As dusk fell over Sao Paulo’s spanking new stadium towards the end of the first half of the World Cup’s eagerly awaited kickoff, FIFA president Sepp Blatter and his organisation must have felt the same as the rest of us.
Amidst a sea of yellow and a cauldron of noise, here was an opening match full of entertainment and adventure in contrast to the cautious, cat-and-mouse approach that so often fails to deliver at the start of the biggest sporting show on earth for fear of errors being made and confidence being damaged.
Both teams, Brazil and Croatia, had contrived to put on a spectacle to be remembered. The headlines were going to be all about one of the most entertaining World Cup opening fixtures in history. Then – disappointingly, unfairly and infuriatingly – the script changed. Not for the first time, an over-zealous referee got in on the act and everything went downhill, for Croatia at least, thereafter.
Referees make mistakes as we all know but FIFA, in the buildup to the tourmament, were at pains to assure us that only the best officials had been selected. Indeed they had been put through their paces in terms of what to watch out for in a series of workshops.
So why did Japanese referee Yuichi Nishimura forget his lines? Indeed why, one might ask, was he appointed for this particular game? There is history, you see, with Nishimura and Brazil. He was the referee who gave Brazil nothing against Holland four years ago in South Africa when they were eliminated in the quarterfinals. Was he trying to redress the balance? Not consciously of course but at the back of his mind, who knows?
The result, whatever his thinking by awarding Brazil the softest of penalties with the score at 1-1 and 20 minutes to go, is that Croatia were the fall guys. The eventual 3-1 scoreline was cruel on the visitors whose manager, Niko Kovac, raged that Nishimura had been “out of his depth” and that “if we continue this way we will have a circus with 100 penalties.”
“If that’s how we start the World Cup, we better give it up now and go home,” added Kovac. “Brazil and Croatia have top-notch players and for an opening game we needed a top-notch referee. We talk about respect, that wasn’t respect, Croatia didn’t get any. If that’s a penalty, we don’t need to play football anymore. Let’s play basketball instead.”
He stopped short of pointing the finger at Fred who went down in a heap after the merest of touches by Dejan Lovren but got as close as he could to accusing the striker of play-acting. “I don’t see how someone of his build could be brought to the ground in such a manner.”
This wasn’t the first World Cup, of course, at which the host nation received the rub of the green. The fact is you need luck to go your way to win a World Cup. Think 1966 and England, for example. Tournament winners invariably start slowly but there was a tangible feeling that Brazil had got away with one. Indeed there were at least two other occasions when Croatia should have been treated equally, and weren’t.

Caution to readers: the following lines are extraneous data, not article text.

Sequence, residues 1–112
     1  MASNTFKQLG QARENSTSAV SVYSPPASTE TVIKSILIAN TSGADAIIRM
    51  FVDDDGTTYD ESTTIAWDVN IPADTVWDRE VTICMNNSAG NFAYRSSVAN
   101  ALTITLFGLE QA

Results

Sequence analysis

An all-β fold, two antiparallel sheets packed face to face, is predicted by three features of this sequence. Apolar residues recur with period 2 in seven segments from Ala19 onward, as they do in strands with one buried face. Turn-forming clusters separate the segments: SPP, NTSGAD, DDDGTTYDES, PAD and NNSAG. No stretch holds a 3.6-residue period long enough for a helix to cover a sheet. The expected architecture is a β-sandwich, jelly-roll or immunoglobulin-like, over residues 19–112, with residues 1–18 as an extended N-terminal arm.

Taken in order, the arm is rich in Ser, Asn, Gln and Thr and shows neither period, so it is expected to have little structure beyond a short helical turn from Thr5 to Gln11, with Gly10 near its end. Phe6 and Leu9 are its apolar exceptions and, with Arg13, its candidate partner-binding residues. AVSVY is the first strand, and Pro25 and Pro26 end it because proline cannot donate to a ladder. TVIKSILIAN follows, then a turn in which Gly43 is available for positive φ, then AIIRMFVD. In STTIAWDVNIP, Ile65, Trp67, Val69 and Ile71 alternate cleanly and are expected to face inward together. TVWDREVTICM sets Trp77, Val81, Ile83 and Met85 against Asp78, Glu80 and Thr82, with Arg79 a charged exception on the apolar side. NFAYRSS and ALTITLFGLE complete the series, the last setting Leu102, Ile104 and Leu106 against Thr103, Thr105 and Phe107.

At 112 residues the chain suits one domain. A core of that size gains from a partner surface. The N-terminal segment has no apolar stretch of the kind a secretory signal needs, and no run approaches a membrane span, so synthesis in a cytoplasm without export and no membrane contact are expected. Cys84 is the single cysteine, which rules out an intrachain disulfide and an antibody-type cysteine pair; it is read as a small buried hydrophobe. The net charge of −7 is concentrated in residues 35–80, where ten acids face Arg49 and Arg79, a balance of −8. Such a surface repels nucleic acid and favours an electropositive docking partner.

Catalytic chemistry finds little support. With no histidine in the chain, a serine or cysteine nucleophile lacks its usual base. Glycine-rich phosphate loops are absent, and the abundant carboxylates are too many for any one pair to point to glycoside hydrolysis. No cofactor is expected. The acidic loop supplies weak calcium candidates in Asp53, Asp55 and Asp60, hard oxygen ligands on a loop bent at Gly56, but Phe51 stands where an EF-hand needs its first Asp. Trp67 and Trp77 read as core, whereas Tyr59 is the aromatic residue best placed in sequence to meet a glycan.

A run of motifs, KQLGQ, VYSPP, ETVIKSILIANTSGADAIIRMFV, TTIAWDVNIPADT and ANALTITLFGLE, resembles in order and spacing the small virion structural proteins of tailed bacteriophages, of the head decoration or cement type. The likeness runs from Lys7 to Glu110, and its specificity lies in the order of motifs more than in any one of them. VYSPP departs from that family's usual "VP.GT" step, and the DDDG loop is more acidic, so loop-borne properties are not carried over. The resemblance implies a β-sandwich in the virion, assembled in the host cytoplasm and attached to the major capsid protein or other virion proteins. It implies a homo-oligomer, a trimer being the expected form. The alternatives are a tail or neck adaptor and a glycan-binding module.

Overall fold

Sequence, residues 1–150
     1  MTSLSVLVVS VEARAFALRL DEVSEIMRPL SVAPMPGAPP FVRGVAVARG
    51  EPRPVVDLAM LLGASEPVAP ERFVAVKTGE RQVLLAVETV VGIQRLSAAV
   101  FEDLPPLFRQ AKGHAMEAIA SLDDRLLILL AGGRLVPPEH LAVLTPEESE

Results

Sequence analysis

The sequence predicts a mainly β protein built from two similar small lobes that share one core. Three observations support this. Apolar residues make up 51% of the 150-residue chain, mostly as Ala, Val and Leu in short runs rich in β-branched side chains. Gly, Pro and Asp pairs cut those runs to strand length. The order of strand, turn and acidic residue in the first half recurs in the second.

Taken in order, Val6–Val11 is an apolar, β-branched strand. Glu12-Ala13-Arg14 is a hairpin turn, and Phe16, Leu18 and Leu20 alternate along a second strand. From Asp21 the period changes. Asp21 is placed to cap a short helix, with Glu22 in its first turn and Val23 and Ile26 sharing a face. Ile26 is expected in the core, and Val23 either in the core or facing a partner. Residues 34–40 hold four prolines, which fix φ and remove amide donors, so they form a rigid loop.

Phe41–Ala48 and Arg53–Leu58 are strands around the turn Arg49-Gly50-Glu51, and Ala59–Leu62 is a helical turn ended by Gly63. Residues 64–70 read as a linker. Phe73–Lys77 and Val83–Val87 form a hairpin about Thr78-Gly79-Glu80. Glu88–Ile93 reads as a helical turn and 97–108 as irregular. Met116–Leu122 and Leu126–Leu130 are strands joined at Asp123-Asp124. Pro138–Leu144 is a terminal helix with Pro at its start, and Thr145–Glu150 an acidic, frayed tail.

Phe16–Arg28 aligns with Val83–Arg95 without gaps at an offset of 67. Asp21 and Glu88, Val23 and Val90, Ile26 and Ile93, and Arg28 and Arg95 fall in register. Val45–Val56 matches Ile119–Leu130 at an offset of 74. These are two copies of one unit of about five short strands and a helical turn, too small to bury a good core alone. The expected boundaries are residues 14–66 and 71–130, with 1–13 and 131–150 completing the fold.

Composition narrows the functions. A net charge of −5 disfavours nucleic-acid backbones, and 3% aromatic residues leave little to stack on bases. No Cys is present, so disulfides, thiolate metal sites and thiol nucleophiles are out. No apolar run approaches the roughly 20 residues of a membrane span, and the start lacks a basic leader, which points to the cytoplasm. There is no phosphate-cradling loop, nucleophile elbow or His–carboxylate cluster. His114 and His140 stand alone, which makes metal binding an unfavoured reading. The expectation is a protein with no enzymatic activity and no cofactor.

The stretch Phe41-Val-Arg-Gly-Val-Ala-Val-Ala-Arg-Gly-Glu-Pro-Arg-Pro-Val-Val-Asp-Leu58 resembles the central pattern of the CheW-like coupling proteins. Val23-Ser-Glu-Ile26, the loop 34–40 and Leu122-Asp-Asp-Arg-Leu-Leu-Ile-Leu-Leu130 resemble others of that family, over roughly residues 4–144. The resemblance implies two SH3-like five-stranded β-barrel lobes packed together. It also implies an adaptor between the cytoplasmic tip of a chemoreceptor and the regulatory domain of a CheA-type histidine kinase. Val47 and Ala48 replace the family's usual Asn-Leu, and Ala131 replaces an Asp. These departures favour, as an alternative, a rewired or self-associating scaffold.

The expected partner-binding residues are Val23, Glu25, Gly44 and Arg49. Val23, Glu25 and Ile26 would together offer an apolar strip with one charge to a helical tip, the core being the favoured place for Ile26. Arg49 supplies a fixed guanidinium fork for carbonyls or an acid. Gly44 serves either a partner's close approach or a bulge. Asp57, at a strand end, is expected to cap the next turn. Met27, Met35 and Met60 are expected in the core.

It was all such a shame. Because after a colourful opening ceremony, the atmosphere had built to a crescendo with 60,000 fans making the mother of all dins. Croatia’s early lead was just what the game needed for the neutrals and if two-goal Neymar, quick of mind and slick of feet, quite rightly won the man of the match award ahead of the equally dynamic Oscar, Croatia deserved considerable credit for so nearly earning the draw many felt they deserved and which they might have got late on but for a questionable foul on keeper Julio Cesar.
Yet despite Croatia’s ill-fortune there was something special about watching Brazil in Brazil. They have a toxic mixture of skill and self-belief with a coach Luiz Filipe Scolari who puts a friendly arm around the lot of them, literally and metaphorically. Unless something goes drastically wrong they must surely pick up a sixth crown if they can sort out a few glitches at the back.
But before we get too carried away, the other side of the World Cup reared its ugly head at precisely the wrong time. In the buildup to kickoff, police were using tear gas, stun grenades and rubber bullets to break up a protest blockade by 300 demonstrators near a metro station along one of the stadium routes. Police reports claimed one arrest and five injuries, three of them journalists covering the incident.
Neither the Brazilian government nor the World Cup organisers want such incidents to overshadow the tournament itself but the reality is, it will probably continue, such is the depth of feeling among many lower-paid and unemployed people that basic services like health and education are being ignored.
But back to the football. There is one massive irony that might have gone unnoticed. During this week’s FIFA Congress, Blatter had heads shaking when he suggested out of the blue that managers should perhaps be given two appeals, tennis-style, against contentious decisions. If that had been applied Thursday night, we may well have a different outcome.
Andrew Warshaw was formerly Sports Editor of the The European newspaper and is chief correspondent of Insideworldfootball. Contact Andrew at email@example.com